From this standpoint we cannot consider as convincing the famous argument about the non‑existence of Pegasus, centaurs, and so on. When we speak of the alleged nonexistence, then we have in mind entities of domains described by zoology, or entities having some kind of Fexistence. If we have in mind another context, namely the framework of Greek mythology, i.e., some kind of ideal existence, we cannot deny that they are nonexistent. Without reference to a definite domain of entities, there is no point in speaking about existence or non‑existence. This relativization does not only hold in such extreme, often artificially selected, cases, but also in regard to entities which are commonly accepted as existent. To speak about the existence of a neutron in the system of classical physics is to speak about a non‑existent entity. This attempted classification of existence, methodologically related to a conception or relative existence, stands in clear opposition to all concepts of existence absolutely conceived by metaphysicians.
In practice the relativization of existence is connected with different criteria for establishing whether something exists or does not. As is already known, for L‑existence we have assumed consistency, for physical existence one can adopt subsistence in time and space. For these reasons all disputes about whether something exists or not are simply idle, when a corresponding framework is undetermined.
As presumably already recognized, this standpoint is partially influenced by Carnap's distinction of internal and external existential questions and statements. We are similarly interested only in the existence of entities relative to a fixed domain. This holds also in the case of our quasi‑ontologies. When the existence of facts and/or of truth values, of things, of individuals, etc., is assumed, only their relative existence in respect to these quasi‑ontologies as forming their framework is meant as well in regard to other entities of each of them. We do not postulate that there exist, e.g., things as such, but only assume that there are things, without being concerned with their special nature. It is, of course, quite clear that in reality there are only specific things, not things in general. The relativization of entities is determined also by their mutual relations: the existence of one entity influences the existence or non‑existence of another. We cannot speak of an existing thing without assuming that it has certain properties and is devoid of others. The acceptance of the suggested stratification of reality, reflected in the quasi‑ontology of the first level, being at the same time the basis of a further stratification related to those of the quasi‑ontology of the second level, has no intended metaphysical implications.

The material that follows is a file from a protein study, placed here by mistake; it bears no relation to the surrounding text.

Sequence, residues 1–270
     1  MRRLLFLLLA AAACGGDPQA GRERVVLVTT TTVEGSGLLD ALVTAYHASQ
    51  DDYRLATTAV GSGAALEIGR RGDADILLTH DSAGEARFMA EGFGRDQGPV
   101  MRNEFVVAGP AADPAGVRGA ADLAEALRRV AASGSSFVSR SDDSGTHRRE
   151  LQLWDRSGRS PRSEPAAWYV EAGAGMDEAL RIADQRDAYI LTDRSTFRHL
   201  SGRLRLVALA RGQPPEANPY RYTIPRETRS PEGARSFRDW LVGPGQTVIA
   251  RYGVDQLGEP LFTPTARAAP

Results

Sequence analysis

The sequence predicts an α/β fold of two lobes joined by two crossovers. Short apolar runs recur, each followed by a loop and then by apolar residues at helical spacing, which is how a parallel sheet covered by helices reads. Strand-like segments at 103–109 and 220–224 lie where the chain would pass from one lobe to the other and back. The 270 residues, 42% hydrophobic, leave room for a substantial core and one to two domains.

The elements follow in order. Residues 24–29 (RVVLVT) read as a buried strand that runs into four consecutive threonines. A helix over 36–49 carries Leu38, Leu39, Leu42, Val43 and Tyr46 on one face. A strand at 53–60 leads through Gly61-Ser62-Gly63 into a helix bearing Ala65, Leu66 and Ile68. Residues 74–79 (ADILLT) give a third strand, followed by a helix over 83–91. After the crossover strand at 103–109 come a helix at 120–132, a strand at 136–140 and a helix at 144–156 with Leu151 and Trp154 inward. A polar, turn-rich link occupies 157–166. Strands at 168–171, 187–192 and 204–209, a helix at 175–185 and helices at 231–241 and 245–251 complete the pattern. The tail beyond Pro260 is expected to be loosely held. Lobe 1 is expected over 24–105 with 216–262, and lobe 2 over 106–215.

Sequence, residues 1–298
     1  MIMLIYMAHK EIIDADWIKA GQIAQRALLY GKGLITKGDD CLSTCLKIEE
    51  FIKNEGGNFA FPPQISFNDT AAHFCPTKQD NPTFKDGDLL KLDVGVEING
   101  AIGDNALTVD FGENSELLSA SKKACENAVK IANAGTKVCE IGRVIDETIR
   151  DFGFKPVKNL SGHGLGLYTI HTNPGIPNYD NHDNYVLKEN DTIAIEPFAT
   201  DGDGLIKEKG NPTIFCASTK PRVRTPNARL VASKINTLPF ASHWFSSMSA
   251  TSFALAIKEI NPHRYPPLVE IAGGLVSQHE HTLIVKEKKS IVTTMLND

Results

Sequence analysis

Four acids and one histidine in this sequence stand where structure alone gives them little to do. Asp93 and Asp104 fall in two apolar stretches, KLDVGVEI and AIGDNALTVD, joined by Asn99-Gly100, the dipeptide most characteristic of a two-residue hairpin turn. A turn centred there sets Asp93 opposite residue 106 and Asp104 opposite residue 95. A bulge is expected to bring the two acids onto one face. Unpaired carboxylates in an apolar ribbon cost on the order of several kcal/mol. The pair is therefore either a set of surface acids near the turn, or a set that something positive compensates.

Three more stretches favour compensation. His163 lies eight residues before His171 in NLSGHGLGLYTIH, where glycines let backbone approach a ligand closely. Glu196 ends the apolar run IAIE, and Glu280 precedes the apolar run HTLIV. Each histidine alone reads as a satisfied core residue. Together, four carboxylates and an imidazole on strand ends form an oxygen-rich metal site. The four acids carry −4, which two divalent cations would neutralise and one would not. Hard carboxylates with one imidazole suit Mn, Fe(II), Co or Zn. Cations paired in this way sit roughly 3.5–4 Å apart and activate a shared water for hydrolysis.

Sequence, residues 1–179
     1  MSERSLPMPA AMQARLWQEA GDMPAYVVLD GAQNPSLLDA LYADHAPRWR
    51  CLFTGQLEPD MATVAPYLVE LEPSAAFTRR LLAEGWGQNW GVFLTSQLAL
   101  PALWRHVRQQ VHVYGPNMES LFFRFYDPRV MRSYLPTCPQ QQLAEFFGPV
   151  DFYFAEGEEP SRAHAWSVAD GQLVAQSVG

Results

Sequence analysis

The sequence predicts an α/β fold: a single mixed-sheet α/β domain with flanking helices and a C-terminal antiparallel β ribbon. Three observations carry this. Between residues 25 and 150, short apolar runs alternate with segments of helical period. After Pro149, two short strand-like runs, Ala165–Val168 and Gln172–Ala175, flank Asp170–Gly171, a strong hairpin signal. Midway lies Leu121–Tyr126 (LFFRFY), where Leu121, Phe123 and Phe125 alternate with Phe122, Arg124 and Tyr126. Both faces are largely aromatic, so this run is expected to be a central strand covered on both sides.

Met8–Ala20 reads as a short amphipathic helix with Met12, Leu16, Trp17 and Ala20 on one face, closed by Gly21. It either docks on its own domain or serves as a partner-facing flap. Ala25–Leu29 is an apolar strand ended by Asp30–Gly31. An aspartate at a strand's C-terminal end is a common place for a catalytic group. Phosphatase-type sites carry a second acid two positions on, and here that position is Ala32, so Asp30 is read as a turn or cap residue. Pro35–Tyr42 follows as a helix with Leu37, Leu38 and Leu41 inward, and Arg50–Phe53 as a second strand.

We neither make the attempt to reduce the proposed entities nor do we try to explain, e.g., what makes a thing a thing.
What conclusions can be drawn from the above-mentioned analysis of existence for the criticism of Nominalism and Platonism in logic? The existence of the entities of the quasi‑ontology of the first level must be evidently understood as factual (in a broad sense), relativized in respect to different subclassifications. The conception of the quasi‑ontology of the first level is, of course, an idealization, needed for our philosophical grounding of logic. The existence of the entities of the quasi‑ontology of the second level can be characterized as ideal existence. Truth‑values, individuals, classes, and so on, are idealized entities and their existence is clearly distinct from the entities of the quasi‑ontology of the first level.